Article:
Harmony in motion

Sound, as you probably know, is the result of pressure waves travelling through the air. As the pressure wave enters your ear, it causes the tympanic membrane to vibrate. This, simultaneously, causes your inner ear bones to dance around like a teenager at a rock concert. In turn, this moshing vibrates tiny hairs in your cochlea, creating electrical signals which pass to the brain. This convoluted, dancing procession of movement allows you to hear.

The sounds that cause this complicated conga line are, unfortunately, invisible. The beautiful sequence of high and low pressure movements of air molecules that emanates from your favourite singer’s vocal chords will only ever be appreciated by one pair of sense organs. However, as the below video shows, we can make the audible visible with nothing more than a handful of salt.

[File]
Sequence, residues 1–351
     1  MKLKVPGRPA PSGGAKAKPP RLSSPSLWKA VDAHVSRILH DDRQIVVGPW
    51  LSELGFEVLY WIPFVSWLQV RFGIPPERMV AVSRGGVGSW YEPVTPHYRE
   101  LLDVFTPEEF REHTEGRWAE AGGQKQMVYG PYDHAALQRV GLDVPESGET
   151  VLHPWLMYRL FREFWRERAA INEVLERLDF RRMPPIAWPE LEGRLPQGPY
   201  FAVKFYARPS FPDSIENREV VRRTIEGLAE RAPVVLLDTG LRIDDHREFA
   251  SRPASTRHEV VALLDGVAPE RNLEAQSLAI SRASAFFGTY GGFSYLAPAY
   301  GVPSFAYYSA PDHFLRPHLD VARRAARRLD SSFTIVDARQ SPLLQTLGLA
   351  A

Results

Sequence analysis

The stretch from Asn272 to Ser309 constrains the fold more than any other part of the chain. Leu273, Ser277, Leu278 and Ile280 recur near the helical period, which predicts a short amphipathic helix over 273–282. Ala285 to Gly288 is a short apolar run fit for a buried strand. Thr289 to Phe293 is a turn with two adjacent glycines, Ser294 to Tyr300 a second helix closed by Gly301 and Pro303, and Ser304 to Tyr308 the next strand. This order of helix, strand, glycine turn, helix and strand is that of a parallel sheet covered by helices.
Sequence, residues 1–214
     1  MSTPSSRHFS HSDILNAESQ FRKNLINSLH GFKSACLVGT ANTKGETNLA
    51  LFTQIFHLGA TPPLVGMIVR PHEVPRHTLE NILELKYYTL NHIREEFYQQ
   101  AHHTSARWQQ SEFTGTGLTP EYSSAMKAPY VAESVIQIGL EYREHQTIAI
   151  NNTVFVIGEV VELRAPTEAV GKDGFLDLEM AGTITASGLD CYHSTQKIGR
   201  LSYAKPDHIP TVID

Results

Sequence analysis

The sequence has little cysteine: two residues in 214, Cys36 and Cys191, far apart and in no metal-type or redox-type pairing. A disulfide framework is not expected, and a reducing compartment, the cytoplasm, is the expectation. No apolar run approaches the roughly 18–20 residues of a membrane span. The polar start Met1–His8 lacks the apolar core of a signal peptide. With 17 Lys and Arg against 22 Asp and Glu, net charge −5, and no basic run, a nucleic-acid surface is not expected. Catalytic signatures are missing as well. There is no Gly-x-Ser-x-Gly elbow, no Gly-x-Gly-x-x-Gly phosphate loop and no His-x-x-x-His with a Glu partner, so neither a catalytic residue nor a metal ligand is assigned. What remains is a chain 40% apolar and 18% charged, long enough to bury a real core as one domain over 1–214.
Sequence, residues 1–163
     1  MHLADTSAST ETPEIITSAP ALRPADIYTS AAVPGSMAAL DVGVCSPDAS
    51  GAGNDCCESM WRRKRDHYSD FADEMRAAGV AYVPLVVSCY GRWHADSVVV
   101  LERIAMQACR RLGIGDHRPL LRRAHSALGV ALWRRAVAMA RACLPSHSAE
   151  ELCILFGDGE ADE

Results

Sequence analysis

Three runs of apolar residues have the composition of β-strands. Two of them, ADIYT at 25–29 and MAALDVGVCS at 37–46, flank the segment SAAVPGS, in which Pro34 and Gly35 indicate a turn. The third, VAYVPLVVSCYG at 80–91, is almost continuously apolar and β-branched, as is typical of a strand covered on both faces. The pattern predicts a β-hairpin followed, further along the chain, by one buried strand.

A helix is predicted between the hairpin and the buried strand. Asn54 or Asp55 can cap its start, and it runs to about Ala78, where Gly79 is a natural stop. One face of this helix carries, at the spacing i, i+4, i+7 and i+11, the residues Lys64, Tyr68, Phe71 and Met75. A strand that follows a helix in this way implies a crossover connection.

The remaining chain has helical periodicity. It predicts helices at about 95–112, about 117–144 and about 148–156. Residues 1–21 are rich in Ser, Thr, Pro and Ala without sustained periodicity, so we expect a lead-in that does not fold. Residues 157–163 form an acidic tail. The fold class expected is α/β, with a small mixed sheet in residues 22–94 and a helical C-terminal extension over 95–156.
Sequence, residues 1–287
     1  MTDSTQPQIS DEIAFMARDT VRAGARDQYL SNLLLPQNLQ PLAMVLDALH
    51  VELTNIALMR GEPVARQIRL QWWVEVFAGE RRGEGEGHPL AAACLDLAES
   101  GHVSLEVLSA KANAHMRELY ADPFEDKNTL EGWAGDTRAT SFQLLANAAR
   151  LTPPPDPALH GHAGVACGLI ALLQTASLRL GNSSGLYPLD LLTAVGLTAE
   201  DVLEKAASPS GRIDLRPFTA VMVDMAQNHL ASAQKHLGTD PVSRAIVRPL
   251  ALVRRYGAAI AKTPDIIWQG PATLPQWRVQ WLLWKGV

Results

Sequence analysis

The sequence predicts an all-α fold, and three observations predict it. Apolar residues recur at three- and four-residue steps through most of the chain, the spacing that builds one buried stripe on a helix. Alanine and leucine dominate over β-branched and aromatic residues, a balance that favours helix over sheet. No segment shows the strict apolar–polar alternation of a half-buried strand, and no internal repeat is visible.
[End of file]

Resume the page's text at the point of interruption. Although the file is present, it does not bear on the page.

The series of salty artworks form due to a physical property of materials known as fundamental frequencies. When the sound wave from the speaker corresponds to a particular resonant frequency of the metal certain areas begin to vibrate. The salt sprinkled on top quickly shuffle off to those areas not in motion. As the frequency from the speaker increases, different patterns begin to emerge, which you can see in the video.

Posted on August 17th 2011 in Blog with 1 comment | Tags: ,


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  1. […] This is a lovely short article by Charles Harvey about the transmission of pressure waves created by sound. It’s nicely illustrated with a film, where the patterns of these pressure waves are visualised with dancing grains of salt. The beautiful sequence of high and low pressure movements of air molecules that emanates from your favourite singer’s vocal chords will only ever be appreciated by one pair of sense organs. However, as the below video shows, we can make the audible visible with nothing more than a handful of salt. […]